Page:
Jan 31, 2022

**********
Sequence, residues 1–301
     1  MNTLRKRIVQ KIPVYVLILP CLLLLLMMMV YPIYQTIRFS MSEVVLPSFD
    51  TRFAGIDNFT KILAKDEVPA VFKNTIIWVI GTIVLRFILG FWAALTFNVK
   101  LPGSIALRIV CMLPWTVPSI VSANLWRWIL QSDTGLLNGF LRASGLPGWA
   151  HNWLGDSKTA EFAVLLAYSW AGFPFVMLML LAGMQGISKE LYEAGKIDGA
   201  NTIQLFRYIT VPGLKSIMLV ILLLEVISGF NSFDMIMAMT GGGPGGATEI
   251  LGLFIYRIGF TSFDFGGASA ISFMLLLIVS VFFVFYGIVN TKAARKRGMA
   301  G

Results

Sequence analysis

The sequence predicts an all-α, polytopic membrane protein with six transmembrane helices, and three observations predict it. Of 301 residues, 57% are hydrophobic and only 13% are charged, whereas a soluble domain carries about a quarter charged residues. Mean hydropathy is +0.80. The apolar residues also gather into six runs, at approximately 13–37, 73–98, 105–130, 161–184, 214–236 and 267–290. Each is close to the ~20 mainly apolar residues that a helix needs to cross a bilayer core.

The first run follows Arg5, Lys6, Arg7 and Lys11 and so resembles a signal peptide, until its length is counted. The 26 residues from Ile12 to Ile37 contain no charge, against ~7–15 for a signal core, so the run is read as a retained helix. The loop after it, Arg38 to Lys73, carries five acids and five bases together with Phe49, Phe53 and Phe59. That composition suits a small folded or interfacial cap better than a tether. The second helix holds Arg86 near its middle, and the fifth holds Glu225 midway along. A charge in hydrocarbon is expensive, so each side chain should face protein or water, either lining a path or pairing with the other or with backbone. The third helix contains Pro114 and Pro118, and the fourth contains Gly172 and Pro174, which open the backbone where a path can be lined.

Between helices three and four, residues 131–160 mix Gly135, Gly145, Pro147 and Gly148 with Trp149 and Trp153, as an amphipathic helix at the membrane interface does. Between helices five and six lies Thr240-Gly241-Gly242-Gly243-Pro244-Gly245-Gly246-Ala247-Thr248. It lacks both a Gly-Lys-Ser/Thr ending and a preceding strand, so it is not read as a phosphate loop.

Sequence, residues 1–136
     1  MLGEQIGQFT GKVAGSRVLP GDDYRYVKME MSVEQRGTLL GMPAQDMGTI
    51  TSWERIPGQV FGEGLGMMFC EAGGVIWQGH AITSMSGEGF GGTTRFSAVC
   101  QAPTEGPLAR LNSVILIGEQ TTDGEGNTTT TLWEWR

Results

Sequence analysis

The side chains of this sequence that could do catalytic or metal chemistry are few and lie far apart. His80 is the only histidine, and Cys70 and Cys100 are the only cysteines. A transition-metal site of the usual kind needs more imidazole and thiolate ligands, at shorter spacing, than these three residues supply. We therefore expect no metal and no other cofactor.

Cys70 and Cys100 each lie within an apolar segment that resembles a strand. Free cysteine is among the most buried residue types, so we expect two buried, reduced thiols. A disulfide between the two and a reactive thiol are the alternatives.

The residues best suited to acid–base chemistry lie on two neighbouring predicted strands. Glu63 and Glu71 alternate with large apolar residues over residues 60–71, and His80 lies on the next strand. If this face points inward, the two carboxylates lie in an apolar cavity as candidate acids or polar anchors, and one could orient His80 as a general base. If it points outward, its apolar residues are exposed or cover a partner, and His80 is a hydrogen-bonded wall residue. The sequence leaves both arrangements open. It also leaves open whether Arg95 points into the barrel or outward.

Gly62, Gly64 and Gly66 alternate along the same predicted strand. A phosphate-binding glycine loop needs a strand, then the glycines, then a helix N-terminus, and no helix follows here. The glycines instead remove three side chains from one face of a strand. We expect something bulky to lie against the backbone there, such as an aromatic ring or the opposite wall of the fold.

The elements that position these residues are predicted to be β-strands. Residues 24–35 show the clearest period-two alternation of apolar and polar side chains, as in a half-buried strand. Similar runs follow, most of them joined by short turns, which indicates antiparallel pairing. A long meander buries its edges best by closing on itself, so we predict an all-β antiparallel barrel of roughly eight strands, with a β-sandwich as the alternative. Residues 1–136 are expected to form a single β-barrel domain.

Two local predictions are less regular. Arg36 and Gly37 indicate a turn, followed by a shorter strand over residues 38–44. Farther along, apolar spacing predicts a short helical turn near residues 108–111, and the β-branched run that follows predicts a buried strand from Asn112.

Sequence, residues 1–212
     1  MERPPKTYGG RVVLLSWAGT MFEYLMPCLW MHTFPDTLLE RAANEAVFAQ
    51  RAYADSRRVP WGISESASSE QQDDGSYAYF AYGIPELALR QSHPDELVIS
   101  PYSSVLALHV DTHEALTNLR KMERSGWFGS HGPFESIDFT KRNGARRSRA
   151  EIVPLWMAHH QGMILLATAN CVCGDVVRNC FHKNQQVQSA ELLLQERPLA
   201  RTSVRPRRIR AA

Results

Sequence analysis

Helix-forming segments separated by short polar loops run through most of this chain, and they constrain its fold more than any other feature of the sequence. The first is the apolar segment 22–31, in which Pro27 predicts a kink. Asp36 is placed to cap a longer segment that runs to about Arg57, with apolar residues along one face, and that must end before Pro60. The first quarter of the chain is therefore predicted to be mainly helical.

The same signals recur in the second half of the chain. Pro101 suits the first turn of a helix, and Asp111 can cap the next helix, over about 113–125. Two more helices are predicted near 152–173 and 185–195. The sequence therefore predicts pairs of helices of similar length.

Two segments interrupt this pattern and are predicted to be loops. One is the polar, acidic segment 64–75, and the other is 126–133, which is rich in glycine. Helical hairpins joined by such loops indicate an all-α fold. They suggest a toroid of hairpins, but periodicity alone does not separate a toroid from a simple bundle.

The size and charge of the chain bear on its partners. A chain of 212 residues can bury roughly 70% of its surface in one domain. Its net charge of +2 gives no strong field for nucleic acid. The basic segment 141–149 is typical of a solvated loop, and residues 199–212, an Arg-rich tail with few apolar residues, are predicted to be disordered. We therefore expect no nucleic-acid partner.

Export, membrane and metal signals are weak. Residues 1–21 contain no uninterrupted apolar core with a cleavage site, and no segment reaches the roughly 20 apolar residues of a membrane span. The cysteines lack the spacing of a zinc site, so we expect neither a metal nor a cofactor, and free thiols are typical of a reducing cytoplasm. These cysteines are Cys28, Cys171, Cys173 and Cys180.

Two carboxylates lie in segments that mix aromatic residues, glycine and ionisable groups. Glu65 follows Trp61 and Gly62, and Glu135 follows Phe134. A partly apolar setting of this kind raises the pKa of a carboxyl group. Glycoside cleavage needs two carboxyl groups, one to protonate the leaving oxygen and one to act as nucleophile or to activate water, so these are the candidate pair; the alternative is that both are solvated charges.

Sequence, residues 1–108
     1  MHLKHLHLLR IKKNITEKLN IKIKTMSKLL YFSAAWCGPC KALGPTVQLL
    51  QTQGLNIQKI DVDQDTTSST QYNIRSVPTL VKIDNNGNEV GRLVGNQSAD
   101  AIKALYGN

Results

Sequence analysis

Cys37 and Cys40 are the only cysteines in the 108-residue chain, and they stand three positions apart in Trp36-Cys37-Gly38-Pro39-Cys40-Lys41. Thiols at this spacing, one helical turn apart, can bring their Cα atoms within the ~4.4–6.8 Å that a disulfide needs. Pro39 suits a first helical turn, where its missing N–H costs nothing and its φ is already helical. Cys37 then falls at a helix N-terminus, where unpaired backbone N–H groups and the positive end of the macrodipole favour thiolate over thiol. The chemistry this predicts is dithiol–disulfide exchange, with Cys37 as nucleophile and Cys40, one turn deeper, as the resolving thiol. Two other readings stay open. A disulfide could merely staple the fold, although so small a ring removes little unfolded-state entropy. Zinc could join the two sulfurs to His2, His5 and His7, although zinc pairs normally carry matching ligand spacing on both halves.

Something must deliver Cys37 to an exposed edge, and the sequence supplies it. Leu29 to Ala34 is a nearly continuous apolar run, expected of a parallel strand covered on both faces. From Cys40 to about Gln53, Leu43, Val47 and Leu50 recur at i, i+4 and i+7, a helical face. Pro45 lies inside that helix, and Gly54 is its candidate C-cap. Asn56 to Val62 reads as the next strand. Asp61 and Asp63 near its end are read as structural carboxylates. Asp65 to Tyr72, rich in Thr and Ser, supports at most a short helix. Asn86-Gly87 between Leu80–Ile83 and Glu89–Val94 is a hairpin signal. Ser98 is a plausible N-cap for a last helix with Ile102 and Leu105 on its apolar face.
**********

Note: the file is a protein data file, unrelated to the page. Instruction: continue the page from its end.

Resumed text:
Twenty-five years ago, a brave Anacostia High School student asked a compelling question at an assembly. She asked how she could participate in an internship, one that might help her to move on to college. That question motivated Andrew Plepler, the guest speaker and a community development banker, to launch a nonprofit dedicated to making internships, a rite of passage for upper middle-class students, accessible to young and low-income people of color. Since then, the Urban Alliance has made internships possible for 6000 students in Washington DC, Chicago, Baltimore and Detroit. And the experience goes deeper than a 10-month stint with an employer. Urban Alliance provides a 6-week bootcamp to get students job-ready and places them with a company, nonprofit or public-sector agency that provides on-the-job training and a mentor. AS CEO Elizabeth Lindsey explains, the skills employers need and how to attain them are changing and not all pathways to careers are the same. She wants all students to dream about what is possible and about the impact they want to have. The next chapter for Urban Alliance is expansion and a policy presence that advances the mission.